One small step upwards

For consumer sentiment.

The Westpac Melbourne Institute Index of Consumer Sentiment rose 1% in October, a small gain following a 5.2% fall through August and September.

Westpac chief economist, Bill Evans said the boost from tax cuts announced in the May budget had faded while the leadership change, mortgage rate increases, declining house prices and rising petrol prices were weighing on confidence.

“It is encouraging that these negatives seem to have, at least for the time being, run their course. Several positives have likely helped stabilise the index, including strong economic growth, a solid labour market and ongoing recoveries in previously weak mining states.

“The net effect has seen the headline index holding slightly above the 100 line indicating that optimists are just outnumbering pessimists,” Evans said. However, concerns around interest rates and house prices were still apparent with sentiment amongst households with a mortgage weakening in October, dipping a further 0.8% to be down 6.4% over the last two months.

Spending-related sentiment showed little change on the relatively downbeat tone in recent months with the ‘time to buy a major household item’ sub-index inching 0.1% higher but still hovering around the lowest levels seen since last November. And consumer views around housing continue to deteriorate, with the ‘time to buy a dwelling’ index slipping a further 0.9% following September’s 4.8% fall, unwinding all of the 5.5% gain in August.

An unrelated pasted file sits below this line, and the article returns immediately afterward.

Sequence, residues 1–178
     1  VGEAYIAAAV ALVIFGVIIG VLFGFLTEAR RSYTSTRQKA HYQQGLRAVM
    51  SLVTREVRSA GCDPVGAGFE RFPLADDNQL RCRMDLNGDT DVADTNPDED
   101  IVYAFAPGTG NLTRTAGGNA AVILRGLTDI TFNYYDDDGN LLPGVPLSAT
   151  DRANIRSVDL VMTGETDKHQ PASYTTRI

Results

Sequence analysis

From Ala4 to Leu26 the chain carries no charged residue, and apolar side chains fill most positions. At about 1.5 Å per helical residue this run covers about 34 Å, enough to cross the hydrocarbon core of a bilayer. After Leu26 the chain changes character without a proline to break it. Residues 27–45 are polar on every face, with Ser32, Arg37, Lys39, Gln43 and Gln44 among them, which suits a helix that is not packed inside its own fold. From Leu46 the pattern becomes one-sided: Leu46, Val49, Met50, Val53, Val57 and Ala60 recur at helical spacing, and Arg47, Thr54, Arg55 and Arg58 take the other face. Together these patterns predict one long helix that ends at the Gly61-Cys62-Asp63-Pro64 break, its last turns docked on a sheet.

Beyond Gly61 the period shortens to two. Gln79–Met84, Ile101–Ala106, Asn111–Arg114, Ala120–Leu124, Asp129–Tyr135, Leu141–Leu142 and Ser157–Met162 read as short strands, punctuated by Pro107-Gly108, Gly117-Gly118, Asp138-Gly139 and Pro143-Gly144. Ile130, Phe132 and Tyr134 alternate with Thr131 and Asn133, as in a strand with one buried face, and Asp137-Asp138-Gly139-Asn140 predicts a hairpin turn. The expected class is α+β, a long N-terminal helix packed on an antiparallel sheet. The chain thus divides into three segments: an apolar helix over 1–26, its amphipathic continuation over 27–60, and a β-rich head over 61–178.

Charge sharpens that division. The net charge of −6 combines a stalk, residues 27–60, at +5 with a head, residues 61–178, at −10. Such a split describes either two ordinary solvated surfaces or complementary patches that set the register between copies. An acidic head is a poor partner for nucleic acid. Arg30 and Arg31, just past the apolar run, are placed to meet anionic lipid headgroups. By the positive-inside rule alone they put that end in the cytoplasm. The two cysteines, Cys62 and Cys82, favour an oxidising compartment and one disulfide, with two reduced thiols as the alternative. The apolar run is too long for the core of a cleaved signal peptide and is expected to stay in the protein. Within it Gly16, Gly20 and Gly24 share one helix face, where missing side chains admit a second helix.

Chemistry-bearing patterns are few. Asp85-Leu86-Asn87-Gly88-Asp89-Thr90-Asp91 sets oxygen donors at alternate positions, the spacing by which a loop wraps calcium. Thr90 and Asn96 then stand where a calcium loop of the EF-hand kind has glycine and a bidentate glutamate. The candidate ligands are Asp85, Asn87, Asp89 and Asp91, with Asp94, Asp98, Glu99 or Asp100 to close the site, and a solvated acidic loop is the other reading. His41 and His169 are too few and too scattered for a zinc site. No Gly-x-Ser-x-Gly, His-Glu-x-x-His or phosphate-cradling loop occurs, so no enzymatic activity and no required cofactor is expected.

Consumer expectations for the economy also showed mixed moves. The ‘economic outlook, next 12 months’ sub-index posted a solid 2.3% rally but longer term expectations continued to soften. The ‘economic outlook next five years’ sub-index is now down 9.1% from the five year high recorded back in July.

Consumer expectations for house prices posted another sharp fall in October, dropping 7.4%, taking the index below its 2015 low point to the weakest level since the first month the survey question was run in May 2009. The state detail showed a particularly sharp 20.3% drop in Victoria, suggesting the price correction in Melbourne, which has been slower to come through than in Sydney, is starting to bite, Evans said.

“House price expectations are now particularly weak in NSW and Victoria although in both cases state indexes are still above the prints seen in Western Australia when the Perth market was moving into its prolonged price correction in 2015-16. In contrast, price expectations remain bullish in Tasmania and are holding at positive levels in Queensland,” he said.

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